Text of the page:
There are truly so many different variations of these large letter postcards. I'm not sure of the date of this one but it was published by E.C. Knopp who sold the company in 1956. I'm also not sure what to make of these axe wielding men and their headgear and no lumberjack shirts, but taking a cue from them this looks like an early 1950's design. Also, the Grand Coulee Dam and the Floating Bridge were both built before 1942.
the State Capital building in Olympia
the Grand Coulee Dam
locks in Seattle
totem pole in Pioneer Park, Seattle
the state flower (rhododendron)
Olympia National Park
Floating Bridge on Lake Washington
Washington State seems to like Floating bridges as they have three of them over Lake Washington alone. I believe this one is the Lacey V Murrow Memorial Bridge (official name), built in 1940. It sank in 1990, but was rebuilt and now carries eastbound traffic with a newer floating bridge running parallel (built 1989) for the westbound traffic.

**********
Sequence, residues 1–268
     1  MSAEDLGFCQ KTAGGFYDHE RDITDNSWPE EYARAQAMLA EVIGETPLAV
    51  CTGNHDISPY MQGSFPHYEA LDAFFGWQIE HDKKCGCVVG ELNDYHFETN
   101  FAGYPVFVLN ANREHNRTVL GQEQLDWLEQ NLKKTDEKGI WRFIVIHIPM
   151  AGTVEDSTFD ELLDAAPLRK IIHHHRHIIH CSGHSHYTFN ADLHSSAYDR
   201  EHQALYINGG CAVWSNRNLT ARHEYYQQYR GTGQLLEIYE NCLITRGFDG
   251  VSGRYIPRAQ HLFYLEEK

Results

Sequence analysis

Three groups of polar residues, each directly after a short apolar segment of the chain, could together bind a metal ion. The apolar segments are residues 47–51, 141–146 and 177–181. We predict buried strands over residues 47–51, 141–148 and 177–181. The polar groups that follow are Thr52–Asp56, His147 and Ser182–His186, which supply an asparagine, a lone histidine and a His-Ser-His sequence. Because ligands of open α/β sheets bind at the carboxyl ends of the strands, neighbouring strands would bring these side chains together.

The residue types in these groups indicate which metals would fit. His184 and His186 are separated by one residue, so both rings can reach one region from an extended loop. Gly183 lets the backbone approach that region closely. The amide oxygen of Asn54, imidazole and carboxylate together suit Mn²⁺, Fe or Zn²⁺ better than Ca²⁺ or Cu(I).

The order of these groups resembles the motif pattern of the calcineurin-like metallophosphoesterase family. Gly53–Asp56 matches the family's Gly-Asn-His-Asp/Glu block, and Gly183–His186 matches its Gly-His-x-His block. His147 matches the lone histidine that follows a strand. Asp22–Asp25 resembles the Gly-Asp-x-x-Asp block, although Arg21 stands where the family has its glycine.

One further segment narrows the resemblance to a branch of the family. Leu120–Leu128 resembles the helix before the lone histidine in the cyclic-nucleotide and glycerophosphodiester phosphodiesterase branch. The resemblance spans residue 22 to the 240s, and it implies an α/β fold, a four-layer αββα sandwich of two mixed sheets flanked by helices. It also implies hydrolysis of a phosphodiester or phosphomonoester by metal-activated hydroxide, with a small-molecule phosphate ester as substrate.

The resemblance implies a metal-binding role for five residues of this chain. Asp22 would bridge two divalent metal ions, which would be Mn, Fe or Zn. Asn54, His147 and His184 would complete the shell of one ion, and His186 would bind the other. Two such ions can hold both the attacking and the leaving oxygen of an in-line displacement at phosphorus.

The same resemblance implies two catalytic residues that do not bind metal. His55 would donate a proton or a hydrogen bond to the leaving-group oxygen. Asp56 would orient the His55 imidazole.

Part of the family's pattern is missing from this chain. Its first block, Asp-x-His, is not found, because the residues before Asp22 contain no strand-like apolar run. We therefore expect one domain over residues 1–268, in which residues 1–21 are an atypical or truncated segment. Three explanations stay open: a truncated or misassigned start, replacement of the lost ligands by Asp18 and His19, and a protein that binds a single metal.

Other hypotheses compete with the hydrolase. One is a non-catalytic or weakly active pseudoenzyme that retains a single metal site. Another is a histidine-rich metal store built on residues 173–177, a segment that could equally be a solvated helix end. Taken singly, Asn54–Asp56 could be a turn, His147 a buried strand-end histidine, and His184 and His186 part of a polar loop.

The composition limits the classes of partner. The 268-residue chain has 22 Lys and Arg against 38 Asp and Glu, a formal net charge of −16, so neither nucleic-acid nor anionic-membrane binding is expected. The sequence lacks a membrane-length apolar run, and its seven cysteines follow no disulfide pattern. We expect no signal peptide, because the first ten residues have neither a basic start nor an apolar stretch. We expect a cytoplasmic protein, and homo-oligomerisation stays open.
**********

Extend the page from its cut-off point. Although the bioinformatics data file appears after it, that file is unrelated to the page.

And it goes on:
The totem pole has an interesting history. Originally in a Tlingit village in Alaska, a group of businessmen touring Alaskan ports stole it in 1899 and took it back to Seattle where it was erected in Pioneer Place Park. Apparently, everyone in the village had been out fishing when these "prominent Seattle citizens" chopped down the pole. When an arsonist destroyed the 60' pole in 1938, the city (with some cheek) sent the pieces back to the Tlingit tribe who carved a new one and gave it to Seattle (after finally getting paid for the one that was originally stolen)
Lumberjacks--the lumber industry was important in Washington.ReplyDelete
I believe that the lumberjack shirts were of Canadian origin, so perhaps they were not popular in Washington state. Cool card.ReplyDelete
Clearly from the era before health and safety issues became worthy of consideration.ReplyDelete
I often visit friend in Washington--it's pretty close by, as I live in Oregon. The detail in this postcard is amazing. I love it! The lumber industry was very important in Washington and in Oregon up until about 20 years ago. Entire towns dried up when they were no longer able to harvest the timber. One of my favorite old friends, Mr. Ernest, worked as a lumber jack. Oh, he could tell stories. His favorite job, he said, was topping the trees. He'd climb to the top, cut off the tippy top of the tree--when the topper would fall off the tree would swing back and forth. He would chortle and tell me how much fun it was. :DReplyDelete
By the way--I loved hearing the story about the totem pole. That is just wonderful! lolReplyDelete